Today the memorial and the Shiva temple stand in a large complex surrounded by high fort-like walls, with a gateway on the eastern side. A newly built Hanuman (Maruti) Temple stands in front of the temple facing the complex.

Exterior ornamentation of Shinde Chhatri and Shiva Temple

The star attraction is the two-storied chhatri. Incidentally, chhatri literally translates into an umbrella, but the chhatri of Mahadaji Shinde is flat-roofed and has no resemblance to an umbrella.

Decorative interiors of Shinde Chhatri

The pavilion styled chhatri is definitely the star attraction of the complex. Although the chhatri and the temple are adjoining to each other they are not connected.

Statue of Mahadaji Shinde

Statue of Mahadaji Shinde

The chhatri has a entrance on the eastern side while the temple is entered through a northern door. The temple door was locked but the interiors of the chhatri were accessible.

Since the construction period of the temple and the pavilion differ over a century they have a distinctive and constructing architectural style.

The Shiva Temple has a distinctive Khajuraho style architecture. The spire of the temple consisting of a centralspire flanked with multiple spires of diminishing size.

The exterior of the temples are decorated with floral and geometric design complete with jali screens allowing the passage of sunlight into the inner sanctum.

The Pavilion or Chhatri on the other hand is built in Anglo-Rajasthani style and exhibits a fine blending of two different cultures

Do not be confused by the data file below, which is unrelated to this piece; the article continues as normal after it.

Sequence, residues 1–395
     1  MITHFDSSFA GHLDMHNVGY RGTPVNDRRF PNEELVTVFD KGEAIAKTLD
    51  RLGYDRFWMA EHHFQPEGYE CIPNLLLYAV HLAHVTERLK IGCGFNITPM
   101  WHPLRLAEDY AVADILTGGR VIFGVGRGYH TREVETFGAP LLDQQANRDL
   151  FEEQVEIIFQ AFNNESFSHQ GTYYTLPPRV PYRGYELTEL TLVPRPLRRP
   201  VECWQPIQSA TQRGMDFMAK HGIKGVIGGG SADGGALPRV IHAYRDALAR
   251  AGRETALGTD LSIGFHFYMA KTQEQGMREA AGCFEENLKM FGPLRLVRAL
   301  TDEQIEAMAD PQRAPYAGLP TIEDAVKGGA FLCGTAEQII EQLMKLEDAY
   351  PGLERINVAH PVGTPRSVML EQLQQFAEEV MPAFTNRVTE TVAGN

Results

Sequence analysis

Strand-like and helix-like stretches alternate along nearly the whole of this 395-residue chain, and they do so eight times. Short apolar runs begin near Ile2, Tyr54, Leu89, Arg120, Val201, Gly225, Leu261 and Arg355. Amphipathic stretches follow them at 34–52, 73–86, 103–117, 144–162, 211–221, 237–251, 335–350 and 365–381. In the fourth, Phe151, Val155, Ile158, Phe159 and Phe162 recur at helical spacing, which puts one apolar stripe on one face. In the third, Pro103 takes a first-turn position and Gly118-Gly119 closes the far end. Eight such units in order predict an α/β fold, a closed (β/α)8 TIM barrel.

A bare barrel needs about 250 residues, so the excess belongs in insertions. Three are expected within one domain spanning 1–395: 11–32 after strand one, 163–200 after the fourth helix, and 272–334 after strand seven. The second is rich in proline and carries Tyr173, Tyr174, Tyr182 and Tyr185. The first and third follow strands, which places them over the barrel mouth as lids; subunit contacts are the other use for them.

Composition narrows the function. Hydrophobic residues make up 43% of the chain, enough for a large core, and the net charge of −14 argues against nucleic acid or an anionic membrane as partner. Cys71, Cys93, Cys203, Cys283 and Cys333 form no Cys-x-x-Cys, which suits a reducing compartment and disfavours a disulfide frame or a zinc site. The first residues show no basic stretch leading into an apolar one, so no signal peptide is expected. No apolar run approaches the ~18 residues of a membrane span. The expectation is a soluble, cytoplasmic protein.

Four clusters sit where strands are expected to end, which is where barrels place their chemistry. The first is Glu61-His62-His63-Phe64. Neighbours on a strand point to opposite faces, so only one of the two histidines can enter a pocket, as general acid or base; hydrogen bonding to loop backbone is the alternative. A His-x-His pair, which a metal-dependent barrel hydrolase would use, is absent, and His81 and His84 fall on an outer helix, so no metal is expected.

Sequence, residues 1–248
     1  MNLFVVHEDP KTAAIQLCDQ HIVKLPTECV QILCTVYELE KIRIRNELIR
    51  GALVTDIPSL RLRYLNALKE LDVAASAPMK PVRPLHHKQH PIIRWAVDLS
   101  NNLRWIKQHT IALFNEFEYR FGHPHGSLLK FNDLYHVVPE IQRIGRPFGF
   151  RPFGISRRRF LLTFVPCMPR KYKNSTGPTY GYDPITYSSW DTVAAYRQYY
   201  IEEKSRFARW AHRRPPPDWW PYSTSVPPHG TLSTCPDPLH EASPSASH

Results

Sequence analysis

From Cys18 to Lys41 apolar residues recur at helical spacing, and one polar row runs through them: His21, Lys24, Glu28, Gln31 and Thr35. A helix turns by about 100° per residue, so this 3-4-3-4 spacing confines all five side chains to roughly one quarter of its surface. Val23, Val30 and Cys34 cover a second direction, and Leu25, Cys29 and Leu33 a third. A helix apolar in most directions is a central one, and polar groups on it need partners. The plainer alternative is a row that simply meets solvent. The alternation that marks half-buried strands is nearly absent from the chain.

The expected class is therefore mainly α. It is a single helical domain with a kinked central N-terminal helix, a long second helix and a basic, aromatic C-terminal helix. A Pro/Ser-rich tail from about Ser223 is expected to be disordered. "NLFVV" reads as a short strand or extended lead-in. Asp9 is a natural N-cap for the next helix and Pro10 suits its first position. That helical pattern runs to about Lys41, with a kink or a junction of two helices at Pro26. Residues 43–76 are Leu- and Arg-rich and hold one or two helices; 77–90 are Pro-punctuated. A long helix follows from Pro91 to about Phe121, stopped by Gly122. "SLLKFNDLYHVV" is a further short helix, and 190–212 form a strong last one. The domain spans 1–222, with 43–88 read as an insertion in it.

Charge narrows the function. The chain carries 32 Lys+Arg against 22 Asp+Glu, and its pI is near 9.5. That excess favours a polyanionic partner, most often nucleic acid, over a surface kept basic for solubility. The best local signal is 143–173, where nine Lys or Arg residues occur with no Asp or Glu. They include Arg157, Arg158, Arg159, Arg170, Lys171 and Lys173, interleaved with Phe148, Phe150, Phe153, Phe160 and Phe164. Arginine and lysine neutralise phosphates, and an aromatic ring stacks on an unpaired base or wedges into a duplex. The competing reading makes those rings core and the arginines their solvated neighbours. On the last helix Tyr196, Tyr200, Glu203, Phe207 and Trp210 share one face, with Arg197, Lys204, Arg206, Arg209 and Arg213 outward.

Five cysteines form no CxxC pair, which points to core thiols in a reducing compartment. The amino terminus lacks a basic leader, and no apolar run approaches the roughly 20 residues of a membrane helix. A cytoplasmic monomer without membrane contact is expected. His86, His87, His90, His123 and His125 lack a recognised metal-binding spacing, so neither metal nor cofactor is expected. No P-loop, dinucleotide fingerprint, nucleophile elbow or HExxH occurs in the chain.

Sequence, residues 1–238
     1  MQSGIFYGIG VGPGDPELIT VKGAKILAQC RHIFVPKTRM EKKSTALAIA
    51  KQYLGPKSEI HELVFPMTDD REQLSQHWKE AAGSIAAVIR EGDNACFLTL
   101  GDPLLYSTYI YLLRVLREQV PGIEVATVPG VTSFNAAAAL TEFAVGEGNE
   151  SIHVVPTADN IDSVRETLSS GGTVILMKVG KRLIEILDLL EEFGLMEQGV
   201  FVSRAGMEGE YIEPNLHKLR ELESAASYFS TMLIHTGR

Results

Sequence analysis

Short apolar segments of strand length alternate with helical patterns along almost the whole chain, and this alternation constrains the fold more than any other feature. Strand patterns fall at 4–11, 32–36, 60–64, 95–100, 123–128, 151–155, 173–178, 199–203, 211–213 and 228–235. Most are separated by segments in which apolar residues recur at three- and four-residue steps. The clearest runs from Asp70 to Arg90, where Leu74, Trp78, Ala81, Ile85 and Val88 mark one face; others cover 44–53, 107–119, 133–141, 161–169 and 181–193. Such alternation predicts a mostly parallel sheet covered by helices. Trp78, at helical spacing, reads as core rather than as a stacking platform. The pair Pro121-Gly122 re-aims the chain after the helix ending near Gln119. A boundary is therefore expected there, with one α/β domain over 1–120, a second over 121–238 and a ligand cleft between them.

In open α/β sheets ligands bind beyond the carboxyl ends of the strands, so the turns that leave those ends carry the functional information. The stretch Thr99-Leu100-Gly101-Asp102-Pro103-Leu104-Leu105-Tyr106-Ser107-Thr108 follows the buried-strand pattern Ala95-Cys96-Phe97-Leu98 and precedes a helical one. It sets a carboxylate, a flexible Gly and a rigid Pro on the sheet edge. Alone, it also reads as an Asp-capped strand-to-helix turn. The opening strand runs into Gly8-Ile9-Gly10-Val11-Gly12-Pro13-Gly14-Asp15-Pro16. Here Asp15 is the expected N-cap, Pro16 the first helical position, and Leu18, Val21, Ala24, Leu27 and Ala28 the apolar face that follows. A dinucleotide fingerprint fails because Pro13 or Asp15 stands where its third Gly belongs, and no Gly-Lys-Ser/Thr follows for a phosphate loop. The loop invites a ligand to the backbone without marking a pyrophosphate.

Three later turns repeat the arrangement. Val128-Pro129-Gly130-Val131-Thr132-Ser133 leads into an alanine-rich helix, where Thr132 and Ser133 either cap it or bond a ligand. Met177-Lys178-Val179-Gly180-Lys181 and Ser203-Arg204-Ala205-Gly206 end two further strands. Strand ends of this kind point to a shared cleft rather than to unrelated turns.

Stained glass windows topped with recessed cusped arches intricately decorated with floral and geometric design are highlight of the two-storied chhatri. The star attractions are the statues of sages on the parapet.

Temple of Vaital Meenakshi

Temple of Vaital Meenakshi

There are a total of 27 (5 in the front, 6 each on the 2 sides, 6 on the back and 4 on the 4 corners) statues of sages, each in different postures.

The interiors are approached through a flight of stairs from the eastern side. The interiors are complete with decorative pillars supporting colourfull cusped arches.

On the wall hangs portraits of different members of the Scindia family. The far end of the structure is the seated statue of Mahadaji Shinde.

The upper story consists of a balcony wrapping around three sides of the inner walls. It is approachable by a spiral staircase. The spiral staircase is located outside the chhatri on the south-west corner. However it’s entrance is blocked preventing access to the upper floor.

Shinde Chhatri at Wanawadi in Pune

Shinde Chhatri (right) and Shiva Temple (left) at Wanawadi in Pune

The complex is well maintained and is managed by the Shinde Devasthan Trust, Gwalior. Apart from the Shiva Temple, Chhatri or memorial and Samadhi the complex houses a Vital Meenakshi Temple, south-western corner of the complex.

Necessary Information:

  • Entry fee: ₹ 10 for Indians and ₹ 100 for foreigners
  • Cameras are not allowed in the complex, however mobile photography is allowed inside the complex and also inside the chhatri. All photos in the blog are shot with mobile.

Note:

  • This tour was part of a Familiarization (FAM) tour organized by Indian Tourism, Mumbai office.